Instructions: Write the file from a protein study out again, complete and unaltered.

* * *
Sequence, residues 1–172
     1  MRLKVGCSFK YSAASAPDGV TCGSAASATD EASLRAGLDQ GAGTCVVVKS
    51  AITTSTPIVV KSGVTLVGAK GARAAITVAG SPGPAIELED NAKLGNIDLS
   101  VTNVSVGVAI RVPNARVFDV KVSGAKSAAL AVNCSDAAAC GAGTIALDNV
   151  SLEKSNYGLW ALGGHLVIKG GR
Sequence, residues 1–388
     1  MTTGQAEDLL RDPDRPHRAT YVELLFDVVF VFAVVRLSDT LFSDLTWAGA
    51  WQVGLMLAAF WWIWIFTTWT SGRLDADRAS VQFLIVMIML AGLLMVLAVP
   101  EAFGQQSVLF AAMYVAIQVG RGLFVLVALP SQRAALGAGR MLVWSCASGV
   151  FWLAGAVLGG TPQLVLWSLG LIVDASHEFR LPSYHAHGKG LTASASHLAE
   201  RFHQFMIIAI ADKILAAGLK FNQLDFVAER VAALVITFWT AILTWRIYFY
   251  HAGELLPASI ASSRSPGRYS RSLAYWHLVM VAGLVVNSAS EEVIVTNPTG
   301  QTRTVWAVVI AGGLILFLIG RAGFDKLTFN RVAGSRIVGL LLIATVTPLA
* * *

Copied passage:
Sequence, residues 1–172
     1  MRLKVGCSFK YSAASAPDGV TCGSAASATD EASLRAGLDQ GAGTCVVVKS
    51  AITTSTPIVV KSGVTLVGAK GARAAITVAG SPGPAIELED NAKLGNIDLS
   101  VTNVSVGVAI RVPNARVFDV KVSGAKSAAL AVNCSDAAAC GAGTIALDNV
   151  SLEKSNYGLW ALGGHLVIKG GR
Sequence, residues 1–388
     1  MTTGQAEDLL RDPDRPHRAT YVELLFDVVF VFAVVRLSDT LFSDLTWAGA
    51  WQVGLMLAAF WWIWIFTTWT SGRLDADRAS VQFLIVMIML AGLLMVLAVP
   101  EAFGQQSVLF AAMYVAIQVG RGLFVLVALP SQRAALGAGR MLVWSCASGV
   151  FWLAGAVLGG TPQLVLWSLG LIVDASHEFR LPSYHAHGKG LTASASHLAE
   201  RFHQFMIIAI ADKILAAGLK FNQLDFVAER VAALVITFWT AILTWRIYFY
   251  HAGELLPASI ASSRSPGRYS RSLAYWHLVM VAGLVVNSAS EEVIVTNPTG
   301  QTRTVWAVVI AGGLILFLIG RAGFDKLTFN RVAGSRIVGL LLIATVTPLA